Bray UDC adopted the Public Libraries Act in 1999 and in December 1904 appointed a library committee to consider how best to secure a public library for the town. Having applied for Carnegie funding, they were informed by Bertram in August 1907, that £2,000 would be made available if a suitable site could be found. In October 1907, Bray UDC gladly accepted from the Quin Estate, a gift of land at the corner of Florence Road and Eglinton Road. Councillors considered this a splendid site “the best that could possibly be secured”.
Architect John Charles Wilmot (Galtrim Road + architect of houses there) was appointed, but his initial proposal of a two-storey building was rejected. Wilmot’s design planned for a lending library, reading rooms and a museum on the ground floor, with a committee room and living quarters on the first floor. In February 1909, however, Bertram wrote: “The librarian does not need a room, and if he did have one it would not be upstairs where he is out of sight of everything. His place is at the delivery desk.” It was built as a one storey building, but Wilmot raised it 3 steps above ground, to increase the height of the building. A condition of the tender was that materials of Irish manufacture were to be used and local labour employed. The granite used was quarried in Glencullen and then dressed in Glencree. Messrs A. Hull and Co., Pembroke Works, Ballsbridge constructed the building. It was completed by the end of August 1910 at a total cost of £2,184. Bray library opened to the public in May 1911.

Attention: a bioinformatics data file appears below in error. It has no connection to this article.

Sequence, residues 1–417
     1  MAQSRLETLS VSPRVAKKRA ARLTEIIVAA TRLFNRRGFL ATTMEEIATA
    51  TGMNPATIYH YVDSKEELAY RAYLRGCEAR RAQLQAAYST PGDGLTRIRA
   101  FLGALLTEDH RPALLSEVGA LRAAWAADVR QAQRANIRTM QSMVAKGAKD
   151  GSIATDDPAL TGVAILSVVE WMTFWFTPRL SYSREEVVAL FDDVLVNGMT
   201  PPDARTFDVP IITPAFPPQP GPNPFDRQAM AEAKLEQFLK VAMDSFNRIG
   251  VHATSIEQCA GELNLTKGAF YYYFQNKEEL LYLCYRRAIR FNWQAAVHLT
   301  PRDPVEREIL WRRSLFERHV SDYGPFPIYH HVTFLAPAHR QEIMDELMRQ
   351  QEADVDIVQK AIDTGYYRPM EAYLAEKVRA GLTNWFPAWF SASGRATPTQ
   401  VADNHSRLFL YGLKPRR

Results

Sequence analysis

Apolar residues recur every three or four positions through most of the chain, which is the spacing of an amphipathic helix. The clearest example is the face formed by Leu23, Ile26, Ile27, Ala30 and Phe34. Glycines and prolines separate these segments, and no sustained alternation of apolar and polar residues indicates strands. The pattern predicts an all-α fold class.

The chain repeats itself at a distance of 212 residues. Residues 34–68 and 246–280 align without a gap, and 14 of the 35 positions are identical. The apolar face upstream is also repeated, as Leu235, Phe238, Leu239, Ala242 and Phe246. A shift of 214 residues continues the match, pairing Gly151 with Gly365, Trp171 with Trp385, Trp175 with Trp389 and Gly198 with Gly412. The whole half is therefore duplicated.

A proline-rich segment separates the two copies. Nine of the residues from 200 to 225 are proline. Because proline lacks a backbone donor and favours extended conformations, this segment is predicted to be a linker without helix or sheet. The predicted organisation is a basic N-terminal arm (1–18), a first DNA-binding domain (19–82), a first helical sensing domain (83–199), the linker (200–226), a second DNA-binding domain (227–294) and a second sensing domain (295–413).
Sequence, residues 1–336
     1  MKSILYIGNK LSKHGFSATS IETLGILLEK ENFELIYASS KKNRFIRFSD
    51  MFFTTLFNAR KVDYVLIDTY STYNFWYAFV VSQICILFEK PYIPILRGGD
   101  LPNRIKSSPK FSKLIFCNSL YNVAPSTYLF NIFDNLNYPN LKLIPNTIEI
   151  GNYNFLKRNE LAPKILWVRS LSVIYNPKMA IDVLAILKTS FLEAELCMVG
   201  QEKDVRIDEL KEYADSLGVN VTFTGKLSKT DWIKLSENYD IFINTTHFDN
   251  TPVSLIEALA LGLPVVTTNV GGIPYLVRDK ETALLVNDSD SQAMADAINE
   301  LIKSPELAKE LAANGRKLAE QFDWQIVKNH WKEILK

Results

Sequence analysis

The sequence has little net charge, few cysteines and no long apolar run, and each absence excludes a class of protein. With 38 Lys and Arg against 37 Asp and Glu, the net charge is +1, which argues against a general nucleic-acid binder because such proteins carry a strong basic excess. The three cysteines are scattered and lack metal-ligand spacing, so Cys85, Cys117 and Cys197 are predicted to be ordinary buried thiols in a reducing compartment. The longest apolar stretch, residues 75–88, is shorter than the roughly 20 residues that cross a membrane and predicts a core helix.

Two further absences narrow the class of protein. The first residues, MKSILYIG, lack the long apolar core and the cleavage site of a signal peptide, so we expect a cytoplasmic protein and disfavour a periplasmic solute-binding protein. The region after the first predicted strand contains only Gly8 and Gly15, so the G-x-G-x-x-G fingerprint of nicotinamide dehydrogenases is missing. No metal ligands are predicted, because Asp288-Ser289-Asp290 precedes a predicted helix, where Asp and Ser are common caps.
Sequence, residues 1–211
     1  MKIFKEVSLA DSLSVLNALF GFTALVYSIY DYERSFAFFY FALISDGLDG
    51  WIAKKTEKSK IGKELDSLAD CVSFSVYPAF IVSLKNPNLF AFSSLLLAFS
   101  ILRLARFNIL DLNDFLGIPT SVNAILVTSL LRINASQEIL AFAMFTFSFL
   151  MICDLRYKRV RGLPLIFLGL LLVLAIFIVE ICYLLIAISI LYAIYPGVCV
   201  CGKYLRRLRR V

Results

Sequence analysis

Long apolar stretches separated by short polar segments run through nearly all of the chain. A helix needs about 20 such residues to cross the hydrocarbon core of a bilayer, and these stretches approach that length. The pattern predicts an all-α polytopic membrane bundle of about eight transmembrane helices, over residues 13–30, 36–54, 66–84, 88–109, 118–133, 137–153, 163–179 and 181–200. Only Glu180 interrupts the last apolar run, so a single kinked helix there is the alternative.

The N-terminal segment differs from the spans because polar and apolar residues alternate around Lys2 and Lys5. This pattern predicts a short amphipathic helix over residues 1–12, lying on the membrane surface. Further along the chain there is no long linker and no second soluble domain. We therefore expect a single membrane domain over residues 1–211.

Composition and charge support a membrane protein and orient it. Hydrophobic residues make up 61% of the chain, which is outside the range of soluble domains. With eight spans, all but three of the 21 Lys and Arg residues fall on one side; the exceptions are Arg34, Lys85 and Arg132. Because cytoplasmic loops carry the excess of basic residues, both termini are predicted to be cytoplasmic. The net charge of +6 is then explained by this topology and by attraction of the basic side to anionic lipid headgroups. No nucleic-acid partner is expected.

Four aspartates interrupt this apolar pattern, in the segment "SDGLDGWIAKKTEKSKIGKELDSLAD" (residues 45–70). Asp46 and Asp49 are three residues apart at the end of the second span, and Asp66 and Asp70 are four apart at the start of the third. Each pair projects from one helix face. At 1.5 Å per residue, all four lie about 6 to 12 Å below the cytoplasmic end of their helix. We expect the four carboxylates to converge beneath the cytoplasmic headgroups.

The First Bray Librarian
Bill Burke, of Duncairn Avenue, Bray, was appointed the first Bray librarian. In 1885, he had been a founder member of Bray Emmets GAA club. He was elected as a nationalist councillor to both Bray UDC and Wicklow Co Co and was also a member of the Board of Guardians of the Rathdown Union at Loughlinstown. At a salary of £60 per annum, he received 4 – 5 times more than the 5 shillings per week paid to Eilen Kirby in Greystones. Due to inflation during the First World War, he received occasional increases in salary, including a war bonus. By the end of 1918, Burke’s salary was £120. Following his wife’s death in 1920, Burke took up residence in Bray library. He was to continue as librarian until September 1945. He died the following march and is buried in St. Peter’s Cemetery, Bray.